MACCALMAN, JAMES,ALEXANDER (2021) Development of Fluid-Curtain Sealing Technology to Improve the Efficiency and Operational Flexibility of Large Power Generation Turbines. Doctoral thesis, Durham University.
|PDF - Accepted Version|
Fluidic curtain sealing has recently been shown to offer significantly reduced leakage in rotating turbomachinery seals. The seal type uses an additional flow injected into the leakage path to reduce some existing leakage flow. Shrouded steam turbine tip seals were the focus of research in this thesis, but the seal has potential applications in blade tip seals, stator root seals, shaft seals, and end gland seals in steam turbines as well as in gas turbines. The implementation of such a seal may be simplified in the case of gas turbines since secondary flows of air are already built into the machine to provide cooling flows to high temperature components. The fluidic curtain seal is especially effective when a combination of fluidic curtain and a conventional labyrinth seal is used, and the research presented will generally feature a fluidic curtain placed upstream of a labyrinth fin type restriction. The new addition to knowledge on fluidic curtain sealing described in this work is in characterising seal performance in terms of its design parameters. Better characterisation of the seal allows the development of a set of realistic design rules to specify how fluidic curtains may be applied to the design of new, high performance turbomachinery seals.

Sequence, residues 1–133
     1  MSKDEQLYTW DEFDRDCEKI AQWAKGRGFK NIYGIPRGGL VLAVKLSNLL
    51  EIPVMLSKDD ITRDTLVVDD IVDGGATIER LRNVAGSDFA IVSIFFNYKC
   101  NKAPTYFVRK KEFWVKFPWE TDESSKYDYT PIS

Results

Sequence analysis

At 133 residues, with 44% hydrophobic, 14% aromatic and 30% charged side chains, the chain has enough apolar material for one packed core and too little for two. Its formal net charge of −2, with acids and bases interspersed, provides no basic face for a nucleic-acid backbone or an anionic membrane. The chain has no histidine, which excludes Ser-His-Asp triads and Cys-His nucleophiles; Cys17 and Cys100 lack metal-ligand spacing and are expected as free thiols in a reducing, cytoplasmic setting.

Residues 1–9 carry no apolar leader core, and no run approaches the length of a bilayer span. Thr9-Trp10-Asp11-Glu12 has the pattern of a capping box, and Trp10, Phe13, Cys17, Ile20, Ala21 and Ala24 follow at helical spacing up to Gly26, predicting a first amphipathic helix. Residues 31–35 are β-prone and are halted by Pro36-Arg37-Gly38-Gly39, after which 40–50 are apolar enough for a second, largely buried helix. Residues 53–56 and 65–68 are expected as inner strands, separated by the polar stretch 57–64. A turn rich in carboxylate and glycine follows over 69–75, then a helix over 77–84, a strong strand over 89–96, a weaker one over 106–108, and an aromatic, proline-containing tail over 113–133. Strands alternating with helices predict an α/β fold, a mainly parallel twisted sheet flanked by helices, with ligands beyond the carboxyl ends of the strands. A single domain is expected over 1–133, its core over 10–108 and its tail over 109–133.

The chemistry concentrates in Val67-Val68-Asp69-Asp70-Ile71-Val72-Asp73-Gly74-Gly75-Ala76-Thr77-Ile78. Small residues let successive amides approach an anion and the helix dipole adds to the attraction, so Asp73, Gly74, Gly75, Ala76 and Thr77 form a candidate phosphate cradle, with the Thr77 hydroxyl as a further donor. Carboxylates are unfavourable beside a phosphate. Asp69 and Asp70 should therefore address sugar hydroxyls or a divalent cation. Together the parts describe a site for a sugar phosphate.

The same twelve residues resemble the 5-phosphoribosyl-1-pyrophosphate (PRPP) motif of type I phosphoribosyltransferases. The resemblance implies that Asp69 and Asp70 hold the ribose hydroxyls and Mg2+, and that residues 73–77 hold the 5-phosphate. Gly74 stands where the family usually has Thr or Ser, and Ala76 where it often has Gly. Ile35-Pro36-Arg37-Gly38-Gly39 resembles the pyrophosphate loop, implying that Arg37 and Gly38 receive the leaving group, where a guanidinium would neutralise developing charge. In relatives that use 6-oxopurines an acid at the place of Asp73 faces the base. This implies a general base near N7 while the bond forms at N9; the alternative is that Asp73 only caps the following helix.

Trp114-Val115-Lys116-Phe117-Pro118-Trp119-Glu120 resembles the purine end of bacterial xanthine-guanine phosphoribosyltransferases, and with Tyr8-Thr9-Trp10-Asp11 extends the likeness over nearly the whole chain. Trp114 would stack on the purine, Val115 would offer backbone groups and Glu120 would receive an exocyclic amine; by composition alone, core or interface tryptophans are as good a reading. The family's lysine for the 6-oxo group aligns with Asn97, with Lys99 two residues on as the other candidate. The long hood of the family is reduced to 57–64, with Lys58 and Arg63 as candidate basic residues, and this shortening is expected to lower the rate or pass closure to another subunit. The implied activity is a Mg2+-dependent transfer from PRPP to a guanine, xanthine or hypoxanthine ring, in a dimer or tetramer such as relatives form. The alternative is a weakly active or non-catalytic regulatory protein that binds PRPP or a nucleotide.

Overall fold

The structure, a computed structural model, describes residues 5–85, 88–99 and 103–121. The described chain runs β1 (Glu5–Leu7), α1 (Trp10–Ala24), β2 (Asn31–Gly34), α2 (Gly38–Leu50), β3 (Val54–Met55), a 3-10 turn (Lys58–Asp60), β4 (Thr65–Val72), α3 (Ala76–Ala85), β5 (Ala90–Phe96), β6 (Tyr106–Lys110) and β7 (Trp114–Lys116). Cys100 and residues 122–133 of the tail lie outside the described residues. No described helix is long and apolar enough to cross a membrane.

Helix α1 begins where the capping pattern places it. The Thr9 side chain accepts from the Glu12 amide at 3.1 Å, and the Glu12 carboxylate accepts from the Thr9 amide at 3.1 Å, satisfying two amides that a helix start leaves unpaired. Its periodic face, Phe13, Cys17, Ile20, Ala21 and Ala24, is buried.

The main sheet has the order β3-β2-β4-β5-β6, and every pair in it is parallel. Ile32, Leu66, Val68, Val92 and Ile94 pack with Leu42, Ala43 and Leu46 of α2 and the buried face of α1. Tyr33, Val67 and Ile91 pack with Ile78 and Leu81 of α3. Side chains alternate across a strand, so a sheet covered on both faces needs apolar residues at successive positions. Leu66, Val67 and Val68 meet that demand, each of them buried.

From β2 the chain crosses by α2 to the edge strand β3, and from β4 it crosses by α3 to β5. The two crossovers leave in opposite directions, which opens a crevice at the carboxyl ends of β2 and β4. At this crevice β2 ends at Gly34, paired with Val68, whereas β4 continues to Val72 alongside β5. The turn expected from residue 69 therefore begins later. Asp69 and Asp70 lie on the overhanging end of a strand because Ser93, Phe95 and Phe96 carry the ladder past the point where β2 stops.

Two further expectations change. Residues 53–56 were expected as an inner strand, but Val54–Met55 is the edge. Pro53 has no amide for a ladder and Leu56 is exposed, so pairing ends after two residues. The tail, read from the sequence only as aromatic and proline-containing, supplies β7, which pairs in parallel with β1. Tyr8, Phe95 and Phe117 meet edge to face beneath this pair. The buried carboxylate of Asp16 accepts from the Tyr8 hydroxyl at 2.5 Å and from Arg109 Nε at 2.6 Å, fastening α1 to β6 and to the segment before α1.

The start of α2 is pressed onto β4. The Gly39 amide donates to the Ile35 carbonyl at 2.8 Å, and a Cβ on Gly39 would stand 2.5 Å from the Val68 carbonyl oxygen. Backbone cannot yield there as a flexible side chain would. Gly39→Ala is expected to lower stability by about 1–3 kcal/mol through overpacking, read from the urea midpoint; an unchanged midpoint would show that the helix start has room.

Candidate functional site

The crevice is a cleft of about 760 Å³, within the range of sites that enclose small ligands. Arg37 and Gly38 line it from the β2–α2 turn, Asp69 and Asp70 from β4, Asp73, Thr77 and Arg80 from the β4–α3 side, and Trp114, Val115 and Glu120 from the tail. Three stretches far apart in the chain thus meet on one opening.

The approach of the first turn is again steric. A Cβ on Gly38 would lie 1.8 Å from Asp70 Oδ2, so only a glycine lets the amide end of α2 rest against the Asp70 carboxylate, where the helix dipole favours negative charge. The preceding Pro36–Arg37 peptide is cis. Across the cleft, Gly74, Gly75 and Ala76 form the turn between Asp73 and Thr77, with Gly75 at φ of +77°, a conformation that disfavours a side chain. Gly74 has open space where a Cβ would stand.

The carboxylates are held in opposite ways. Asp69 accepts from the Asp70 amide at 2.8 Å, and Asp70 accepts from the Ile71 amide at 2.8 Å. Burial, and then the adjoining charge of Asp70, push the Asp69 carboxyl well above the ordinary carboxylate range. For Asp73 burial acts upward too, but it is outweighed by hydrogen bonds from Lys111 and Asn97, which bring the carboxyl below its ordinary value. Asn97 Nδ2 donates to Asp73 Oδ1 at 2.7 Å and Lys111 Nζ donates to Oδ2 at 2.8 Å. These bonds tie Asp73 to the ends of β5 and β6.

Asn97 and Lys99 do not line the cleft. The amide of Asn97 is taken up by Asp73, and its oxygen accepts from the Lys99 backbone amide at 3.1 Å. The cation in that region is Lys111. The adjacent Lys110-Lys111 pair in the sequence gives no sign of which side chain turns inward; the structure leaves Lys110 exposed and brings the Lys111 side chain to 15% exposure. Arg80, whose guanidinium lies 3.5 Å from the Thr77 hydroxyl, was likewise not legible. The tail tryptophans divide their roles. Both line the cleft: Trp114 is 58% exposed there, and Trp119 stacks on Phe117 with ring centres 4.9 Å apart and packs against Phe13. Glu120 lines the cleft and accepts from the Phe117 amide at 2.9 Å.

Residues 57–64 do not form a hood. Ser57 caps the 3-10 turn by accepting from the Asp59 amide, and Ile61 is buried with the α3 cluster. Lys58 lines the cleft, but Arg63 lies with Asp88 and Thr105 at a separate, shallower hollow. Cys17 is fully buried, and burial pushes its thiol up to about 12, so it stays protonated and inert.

Two main advances in characterising fluidic curtain seals resulted from the research. The first advance was to numerically and experimentally test basic geometric parameters and their influence on performance to identify design rules which maximize the performance gain of incorporating a fluidic curtain. A series of fundamental dimensionless geometric ratios were proposed and the design space created by these parameters was explored and validated experimentally using a simple annular test rig. CFD was then used to demonstrate that it is possible to incorporate a high performance design into a labyrinth seal independent of the existing labyrinth seal geometry. The second advance is to explore the effect of swirl velocity at the leakage channel inlet on overall seal performance. This was first achieved using CFD to model the selected realistic tip seal design with different levels of inlet swirl. This CFD study was then validated by building the design in a rotating annular test rig where the inlet swirl velocity was controlled. The research findings resulted in a proposed design process for new fluidic curtain seals (Section 8.2) which considers; the geometry of an existing seal, fluid conditions in the leakage path and elsewhere in the turbine stage, rotational speed, and minimum allowable physical clearances.
|Item Type:||Thesis (Doctoral)|
|Award:||Doctor of Philosophy|
|Keywords:||Turbomachinery Turbine Fluid Fluidic Seal CFD|
|Faculty and Department:||Faculty of Science > Engineering, Department of|
|Copyright:||Copyright of this thesis is held by the author|
|Deposited On:||07 Jul 2021 11:41|